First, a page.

Clay Byars was recovering at home from a near-fatal car crash when he suffered a massive stroke. He was just eighteen years old. He awoke, back in the hospital, and was told he would be paralyzed from the eyes down for the rest of his life.
Determined to defy the odds, Clay quickly and miraculously began to recover his mobility but discovered just how different his life would bea disparity embodied by his identical twin brother, Will. As Will went on to graduate from college, marry, and start a family, Clay carved out a unique existence, doing the seemingly impossible by living on his own on a remote farm in Alabama.
With haunting clarity and heartrending honesty, Will & I tells the unlikely story of Clay’s life and his coping mechanisms, including weekly singing lessons that not only teach him to use his voice but remind him of his will to exist. In this singular and striking meditation on vulnerability and vitality, we’re invited to see how Clay sees the worldand how the world sees himas he bravely challenges himself and his abilities at every turn.
|Publisher:||Farrar, Straus and Giroux|
|Product dimensions:||5.00(w) x 7.40(h) x 0.70(d)|
About the Author
Clay Byars attended the Sewanee School of Letters in Tennessee and is an assistant editor for Narrative Magazine. He lives with his two dogs on a farm outside Birmingham, Alabama.
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Will & I
By Clay Byars
Farrar, Straus and GirouxCopyright © 2016 Clay Byars
All rights reserved.
Climbing out of my car for my third appointment, I heard a booming baritone coming from inside the house. The lesson before mine was going long. I parked in the driveway behind my teacher's truck, a red pickup with a bumper sticker that read IMAGINE BAGHDAD CHINA, as if the meaning of this were obvious. Something about the sticker, its air of competitive knowingness, had almost caused me to back out and drive away a few weeks before, after I'd pulled in for my first appointment. In fairness, part of me had probably shown up looking for a reason to leave. I'd never sung in front of people in my life, at least not since elementary school music class. I don't even sing to myself in the shower. I'm not sure why I stayed that day. Definitely not out of any great hope. Mainly it was politeness; I'd blocked out an hour of his day.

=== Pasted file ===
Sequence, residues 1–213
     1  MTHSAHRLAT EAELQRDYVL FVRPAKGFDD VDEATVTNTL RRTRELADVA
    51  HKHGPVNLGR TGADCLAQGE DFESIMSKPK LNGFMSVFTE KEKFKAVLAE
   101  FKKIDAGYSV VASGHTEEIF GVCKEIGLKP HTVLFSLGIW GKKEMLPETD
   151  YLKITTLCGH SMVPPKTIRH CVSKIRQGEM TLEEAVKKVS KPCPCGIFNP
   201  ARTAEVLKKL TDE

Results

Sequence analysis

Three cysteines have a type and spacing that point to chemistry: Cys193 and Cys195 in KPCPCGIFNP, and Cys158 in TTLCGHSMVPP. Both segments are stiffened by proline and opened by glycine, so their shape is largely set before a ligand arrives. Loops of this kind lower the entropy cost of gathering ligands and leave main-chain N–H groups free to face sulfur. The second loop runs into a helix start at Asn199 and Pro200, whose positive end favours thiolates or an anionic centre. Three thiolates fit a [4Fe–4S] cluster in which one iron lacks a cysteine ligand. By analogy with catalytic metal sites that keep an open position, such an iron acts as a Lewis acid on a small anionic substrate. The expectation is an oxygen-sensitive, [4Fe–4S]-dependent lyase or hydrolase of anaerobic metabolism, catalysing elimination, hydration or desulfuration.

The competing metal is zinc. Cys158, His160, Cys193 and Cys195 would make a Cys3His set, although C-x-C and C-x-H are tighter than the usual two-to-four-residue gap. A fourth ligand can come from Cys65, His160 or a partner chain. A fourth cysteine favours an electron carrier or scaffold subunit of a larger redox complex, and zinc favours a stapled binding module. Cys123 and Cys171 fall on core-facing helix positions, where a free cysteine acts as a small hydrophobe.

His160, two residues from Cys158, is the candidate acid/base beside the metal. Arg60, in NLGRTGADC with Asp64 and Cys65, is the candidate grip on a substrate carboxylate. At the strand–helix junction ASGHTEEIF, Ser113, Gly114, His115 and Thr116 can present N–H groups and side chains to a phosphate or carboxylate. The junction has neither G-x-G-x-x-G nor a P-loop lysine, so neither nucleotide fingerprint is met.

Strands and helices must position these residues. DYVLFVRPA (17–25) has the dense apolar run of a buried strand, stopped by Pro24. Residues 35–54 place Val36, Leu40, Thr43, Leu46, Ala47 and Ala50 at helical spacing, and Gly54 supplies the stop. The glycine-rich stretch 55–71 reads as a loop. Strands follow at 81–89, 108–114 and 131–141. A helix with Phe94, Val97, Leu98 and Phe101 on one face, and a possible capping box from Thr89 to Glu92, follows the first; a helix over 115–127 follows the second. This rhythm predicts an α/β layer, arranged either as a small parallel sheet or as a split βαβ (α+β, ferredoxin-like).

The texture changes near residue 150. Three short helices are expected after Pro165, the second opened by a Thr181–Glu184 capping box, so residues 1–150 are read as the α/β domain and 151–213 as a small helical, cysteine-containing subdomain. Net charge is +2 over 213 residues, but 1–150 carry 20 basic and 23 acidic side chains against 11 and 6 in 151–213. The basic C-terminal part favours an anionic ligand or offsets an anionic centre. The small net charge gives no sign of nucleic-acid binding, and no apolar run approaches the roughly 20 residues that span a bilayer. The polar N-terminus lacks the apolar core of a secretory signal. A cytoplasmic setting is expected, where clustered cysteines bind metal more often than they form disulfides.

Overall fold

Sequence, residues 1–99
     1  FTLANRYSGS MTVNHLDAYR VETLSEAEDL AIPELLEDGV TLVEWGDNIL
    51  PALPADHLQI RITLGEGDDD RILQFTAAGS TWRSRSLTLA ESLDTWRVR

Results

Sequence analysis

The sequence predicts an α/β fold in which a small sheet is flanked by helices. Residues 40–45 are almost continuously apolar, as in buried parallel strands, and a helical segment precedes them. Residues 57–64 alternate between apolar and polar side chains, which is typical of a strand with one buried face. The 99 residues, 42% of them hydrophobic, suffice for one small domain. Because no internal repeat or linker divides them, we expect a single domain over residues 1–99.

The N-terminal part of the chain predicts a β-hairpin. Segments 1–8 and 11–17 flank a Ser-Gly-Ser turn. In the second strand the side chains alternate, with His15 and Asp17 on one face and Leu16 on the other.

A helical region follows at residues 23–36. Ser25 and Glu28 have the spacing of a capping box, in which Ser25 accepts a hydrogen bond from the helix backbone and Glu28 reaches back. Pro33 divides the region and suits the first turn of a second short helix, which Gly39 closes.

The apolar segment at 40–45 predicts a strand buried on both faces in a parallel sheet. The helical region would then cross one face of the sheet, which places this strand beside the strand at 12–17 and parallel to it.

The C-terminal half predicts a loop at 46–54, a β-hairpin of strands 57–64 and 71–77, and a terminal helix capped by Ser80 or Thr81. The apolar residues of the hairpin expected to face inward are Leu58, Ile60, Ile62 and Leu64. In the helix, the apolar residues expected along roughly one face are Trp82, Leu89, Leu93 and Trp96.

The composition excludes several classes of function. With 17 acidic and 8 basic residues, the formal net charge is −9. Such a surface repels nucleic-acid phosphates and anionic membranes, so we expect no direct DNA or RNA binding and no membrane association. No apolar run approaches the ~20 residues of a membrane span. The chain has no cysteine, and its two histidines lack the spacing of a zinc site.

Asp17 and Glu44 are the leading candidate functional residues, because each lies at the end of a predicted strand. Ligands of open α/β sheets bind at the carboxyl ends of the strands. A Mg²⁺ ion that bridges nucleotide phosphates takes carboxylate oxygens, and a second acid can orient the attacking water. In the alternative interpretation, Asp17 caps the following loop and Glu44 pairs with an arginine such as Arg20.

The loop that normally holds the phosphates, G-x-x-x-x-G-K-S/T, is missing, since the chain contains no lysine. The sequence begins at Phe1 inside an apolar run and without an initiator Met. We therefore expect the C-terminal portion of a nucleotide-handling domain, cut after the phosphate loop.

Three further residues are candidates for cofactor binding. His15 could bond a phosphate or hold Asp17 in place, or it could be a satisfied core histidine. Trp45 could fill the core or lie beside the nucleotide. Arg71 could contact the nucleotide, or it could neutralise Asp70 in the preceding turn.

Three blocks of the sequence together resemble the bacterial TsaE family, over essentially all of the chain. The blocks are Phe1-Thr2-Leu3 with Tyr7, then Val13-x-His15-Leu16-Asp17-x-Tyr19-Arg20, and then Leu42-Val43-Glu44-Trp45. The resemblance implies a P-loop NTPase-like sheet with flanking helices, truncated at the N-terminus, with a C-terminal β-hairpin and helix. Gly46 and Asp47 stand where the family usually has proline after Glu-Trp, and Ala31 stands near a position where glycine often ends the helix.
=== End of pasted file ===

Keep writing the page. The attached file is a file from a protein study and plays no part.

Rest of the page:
Cigarette butts, scattered on the ground below the porch, added to the bohemian feel of the house. The front steps had no railing: a challenge. But I was used to them by now. I wasn't worried about falling anymore. Still, I went slowly. I knew from experience that I needed to make sure my left toes didn't get caught under the lip of the step above as I went up. I had nothing to stabilize myself on. I angled my feet to the side, to increase their surface area.
I didn't knock — the teacher had told me not to, after the first time, when I'd interrupted a lesson. I twisted the knob and pushed the door, which more or less opened on its own. The teacher and his student were in an alcove off to the right, where he kept his piano. I turned left, into the high-ceilinged living room, where I had to sit and wait my turn.
The teacher looked like a painting I'd once seen of Bodhidharma — the man who took Buddhism from India to China — big, with a bald dome and high forehead, fringe of black hair in back, trim beard. He had an unusual name, Dewin (pronounced with the accent on the second syllable, though not everyone got it right: he told me about a man who insisted on greeting him with "How ya doin', Dew-in?"). He nodded at me and kept playing. The other student, standing across the piano from him, remained hidden, but I could hear his voice, confident and deep. And loud — the kind of voice that might break things. I don't speak Italian, but it was impossible to miss that this was a lover's song; the man was pleading with someone.
There wasn't anywhere to sit that I'd be able to get off easily when the time came. The only chair in the room that had arms (which I could push on to stand) was a thrift-store-looking yellow recliner covered with books and musical scores. There was a permanently reclined black massage chair that I didn't even consider. My only option was a low, sprung sofa. I sat on the edge, hunched forward over my feet, knowing that if I were to sit back, my knees would be over my head. I flipped through a cartoon book about suicide that had been sitting on the table in front of me.